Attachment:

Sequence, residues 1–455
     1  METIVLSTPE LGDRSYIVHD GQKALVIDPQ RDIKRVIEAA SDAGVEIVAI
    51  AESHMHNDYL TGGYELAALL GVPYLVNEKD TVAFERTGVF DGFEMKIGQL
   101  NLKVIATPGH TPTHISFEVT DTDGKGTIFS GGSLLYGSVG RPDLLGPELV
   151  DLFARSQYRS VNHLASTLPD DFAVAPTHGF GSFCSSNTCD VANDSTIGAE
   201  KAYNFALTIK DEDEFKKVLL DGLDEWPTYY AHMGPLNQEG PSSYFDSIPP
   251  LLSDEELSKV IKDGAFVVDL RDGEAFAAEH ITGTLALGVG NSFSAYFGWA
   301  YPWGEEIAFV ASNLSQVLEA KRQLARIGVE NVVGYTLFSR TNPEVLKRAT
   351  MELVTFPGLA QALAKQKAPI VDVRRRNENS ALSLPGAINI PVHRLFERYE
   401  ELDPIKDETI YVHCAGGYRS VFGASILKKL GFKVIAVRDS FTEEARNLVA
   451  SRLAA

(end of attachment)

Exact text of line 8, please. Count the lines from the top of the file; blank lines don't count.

   301  YPWGEEIAFV ASNLSQVLEA KRQLARIGVE NVVGYTLFSR TNPEVLKRAT